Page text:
These are a research tools that offer a less than scientific, but effective means of generating insight and inspirational materials that can help define the direction of a project. This is could provide an interesting start point, but it is difficult to know what to include. Design Research Techniques – Cultural Probes offers a useful description of this technique.
Developed by Bill Gaver, Tony Dunne, and Elena Pacenti in the late 1990s (Gaver, Dunne & Pacenti, 1999), this technique was designed to be deliberately casual as means of gaining a more natural response from those engaged, that could facilitate research.
The final research event from a group research project that I was involved in, the caring project, identified a number of people who actively ‘cared’ for one or more of their belongings. As an initial step in this project I am going to ask a number of these people to use a Cultural Probe Set with the aim of identifying interesting avenues to explore further down the line.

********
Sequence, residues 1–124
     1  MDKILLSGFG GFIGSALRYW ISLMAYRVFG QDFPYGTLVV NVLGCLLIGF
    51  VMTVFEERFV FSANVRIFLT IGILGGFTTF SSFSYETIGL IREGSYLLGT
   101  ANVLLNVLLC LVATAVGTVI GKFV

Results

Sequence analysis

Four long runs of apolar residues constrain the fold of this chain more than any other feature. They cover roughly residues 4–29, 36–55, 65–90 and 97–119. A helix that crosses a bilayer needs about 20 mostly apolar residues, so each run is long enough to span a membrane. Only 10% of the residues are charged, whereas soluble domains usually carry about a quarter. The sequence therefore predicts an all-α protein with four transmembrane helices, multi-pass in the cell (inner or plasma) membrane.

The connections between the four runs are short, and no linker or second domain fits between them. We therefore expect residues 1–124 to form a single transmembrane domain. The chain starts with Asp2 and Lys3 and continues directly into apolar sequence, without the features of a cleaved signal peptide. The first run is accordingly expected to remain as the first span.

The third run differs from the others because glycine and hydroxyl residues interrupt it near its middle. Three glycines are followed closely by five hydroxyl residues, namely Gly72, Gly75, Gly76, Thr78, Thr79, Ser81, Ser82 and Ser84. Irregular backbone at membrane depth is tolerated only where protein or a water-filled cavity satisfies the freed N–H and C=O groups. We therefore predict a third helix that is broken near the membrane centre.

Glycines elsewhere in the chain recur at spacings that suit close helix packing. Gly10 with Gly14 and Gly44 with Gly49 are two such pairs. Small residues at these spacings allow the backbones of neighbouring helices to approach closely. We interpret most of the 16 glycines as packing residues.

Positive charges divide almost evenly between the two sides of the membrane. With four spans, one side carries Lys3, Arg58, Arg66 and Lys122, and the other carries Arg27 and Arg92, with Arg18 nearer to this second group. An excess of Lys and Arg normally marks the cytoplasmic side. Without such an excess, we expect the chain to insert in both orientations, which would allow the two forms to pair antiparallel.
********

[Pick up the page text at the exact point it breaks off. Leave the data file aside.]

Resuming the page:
The kits generally consist of a number of means of recording information and typically contain some form of diary, a camera for recording images and other ways to prompt a response. They are often employed when the activity that needs to be observed takes place in remote locations, over a long period of time or where there is a requirement for minimal influence on the activity to be recorded. (http://infodesign.com.au/usabilityresources/culturalprobes/)
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